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Langarans Exploring Pedagogy – Melissa’s Mea Culpa

Langarans Reflect on Pedagogy

In Langara’s Advanced Teaching Seminar, Langara instructors write a fictional story in the first person, highlighting, “some kind of ‘problem’, or challenge, or dilemma, or puzzlement” they have experienced in their teaching practice. The “story will, at some level, be a partial description of the landscape of good teaching (even if the teaching in the story itself isn’t – on the face of it – seen as ‘good’). A story is a snapshot of what good-and-improving teachers sometimes experience in their practice.” Woven informally into each story are the concepts and phrases pulled from various assigned course readings (see references).

For more information about the Advanced Teaching Seminar or to inquire about registering, e-mail Carolyn Wing, Educational Development Coordinator at TCDC (tcdc@langara.ca).

               Melissa’s Mea Culpa

In the summer of 2017 I was given the opportunity to return to SFU and teach one of my most favourite classes – CRIM 315: Restorative Justice. First, a bit of history. This course was taught to me in my undergrad by an amazing professor who gave me the opportunity to connect my head to my heart, to explore intellectual honesty, exemplified “walking her talk”, and who was teaching about being vulnerable (CoP Document) before Brene Brown made it famous. The late Dr. Elizabeth (Liz) Elliott taught with her full heart and through her story-telling (Course Description), created a safe space for students to explore the intricacies of an incredibly complex justice system.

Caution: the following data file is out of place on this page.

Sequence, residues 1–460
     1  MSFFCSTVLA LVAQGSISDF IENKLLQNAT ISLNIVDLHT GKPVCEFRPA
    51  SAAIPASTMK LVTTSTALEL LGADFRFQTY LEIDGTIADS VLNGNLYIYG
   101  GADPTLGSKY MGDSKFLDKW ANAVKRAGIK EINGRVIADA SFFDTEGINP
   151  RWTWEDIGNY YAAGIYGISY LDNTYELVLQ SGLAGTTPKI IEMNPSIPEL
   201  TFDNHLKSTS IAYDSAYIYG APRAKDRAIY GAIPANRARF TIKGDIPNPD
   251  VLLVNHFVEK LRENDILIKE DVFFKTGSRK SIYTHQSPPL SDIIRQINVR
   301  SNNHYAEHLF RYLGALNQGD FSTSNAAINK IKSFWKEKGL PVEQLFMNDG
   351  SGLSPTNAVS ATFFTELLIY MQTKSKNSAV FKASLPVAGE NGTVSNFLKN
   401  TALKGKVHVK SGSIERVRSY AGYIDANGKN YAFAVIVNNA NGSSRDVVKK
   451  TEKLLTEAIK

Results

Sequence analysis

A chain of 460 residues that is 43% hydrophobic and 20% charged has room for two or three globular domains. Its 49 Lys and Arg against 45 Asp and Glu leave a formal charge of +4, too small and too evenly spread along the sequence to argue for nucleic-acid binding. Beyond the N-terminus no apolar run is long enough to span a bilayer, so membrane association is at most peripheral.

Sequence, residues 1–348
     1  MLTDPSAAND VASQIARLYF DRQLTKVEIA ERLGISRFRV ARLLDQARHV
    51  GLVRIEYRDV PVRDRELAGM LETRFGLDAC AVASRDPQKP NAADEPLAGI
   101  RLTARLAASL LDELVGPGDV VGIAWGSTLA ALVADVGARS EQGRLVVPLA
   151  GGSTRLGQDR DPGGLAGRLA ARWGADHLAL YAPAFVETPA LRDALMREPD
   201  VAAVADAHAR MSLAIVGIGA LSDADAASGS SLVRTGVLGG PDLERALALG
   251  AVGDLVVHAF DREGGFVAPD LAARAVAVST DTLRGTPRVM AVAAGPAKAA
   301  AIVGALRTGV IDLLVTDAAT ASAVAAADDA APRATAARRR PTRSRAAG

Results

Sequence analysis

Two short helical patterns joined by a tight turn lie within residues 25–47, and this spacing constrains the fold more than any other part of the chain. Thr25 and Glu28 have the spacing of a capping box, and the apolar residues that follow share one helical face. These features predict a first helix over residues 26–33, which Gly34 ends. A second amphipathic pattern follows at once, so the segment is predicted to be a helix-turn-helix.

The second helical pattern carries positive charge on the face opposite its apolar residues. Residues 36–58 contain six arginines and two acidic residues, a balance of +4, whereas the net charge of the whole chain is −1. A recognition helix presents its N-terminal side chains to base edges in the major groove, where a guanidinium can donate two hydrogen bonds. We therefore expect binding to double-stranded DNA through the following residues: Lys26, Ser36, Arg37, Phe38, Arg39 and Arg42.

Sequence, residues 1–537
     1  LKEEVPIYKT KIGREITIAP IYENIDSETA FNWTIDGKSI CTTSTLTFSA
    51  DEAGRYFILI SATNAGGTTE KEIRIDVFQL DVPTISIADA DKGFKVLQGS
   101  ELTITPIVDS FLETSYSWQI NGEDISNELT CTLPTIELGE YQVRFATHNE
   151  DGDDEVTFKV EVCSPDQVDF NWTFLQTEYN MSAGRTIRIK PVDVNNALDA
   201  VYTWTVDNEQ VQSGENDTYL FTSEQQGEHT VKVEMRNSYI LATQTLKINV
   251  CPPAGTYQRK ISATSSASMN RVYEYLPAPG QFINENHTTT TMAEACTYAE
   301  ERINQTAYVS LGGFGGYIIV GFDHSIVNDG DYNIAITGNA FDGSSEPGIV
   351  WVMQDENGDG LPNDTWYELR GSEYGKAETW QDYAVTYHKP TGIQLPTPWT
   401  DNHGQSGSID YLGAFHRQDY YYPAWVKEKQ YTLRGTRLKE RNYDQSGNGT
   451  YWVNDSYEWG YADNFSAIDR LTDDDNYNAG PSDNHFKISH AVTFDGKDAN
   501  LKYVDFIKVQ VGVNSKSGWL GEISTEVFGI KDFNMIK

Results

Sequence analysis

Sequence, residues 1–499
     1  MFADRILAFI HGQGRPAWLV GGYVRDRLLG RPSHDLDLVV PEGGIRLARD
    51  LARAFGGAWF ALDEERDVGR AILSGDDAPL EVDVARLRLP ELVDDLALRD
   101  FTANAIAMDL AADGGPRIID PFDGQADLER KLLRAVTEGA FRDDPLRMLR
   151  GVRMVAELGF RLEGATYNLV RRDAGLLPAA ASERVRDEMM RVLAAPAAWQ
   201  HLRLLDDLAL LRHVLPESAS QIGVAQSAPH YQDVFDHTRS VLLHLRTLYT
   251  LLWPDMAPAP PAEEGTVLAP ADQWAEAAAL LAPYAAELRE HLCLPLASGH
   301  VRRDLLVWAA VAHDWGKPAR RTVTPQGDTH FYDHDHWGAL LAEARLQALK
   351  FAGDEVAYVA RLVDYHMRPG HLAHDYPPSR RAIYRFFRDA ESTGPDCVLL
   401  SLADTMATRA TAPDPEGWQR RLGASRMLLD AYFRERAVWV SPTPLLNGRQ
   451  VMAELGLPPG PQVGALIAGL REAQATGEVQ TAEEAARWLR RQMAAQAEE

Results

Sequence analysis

I then moved on to graduate school and under Liz’s supervision, became one of the teaching assistants for restorative justice. On two separate occasions, . . .

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Langaran’s Exploring Pedagogy -My Telos Meets Another Tribe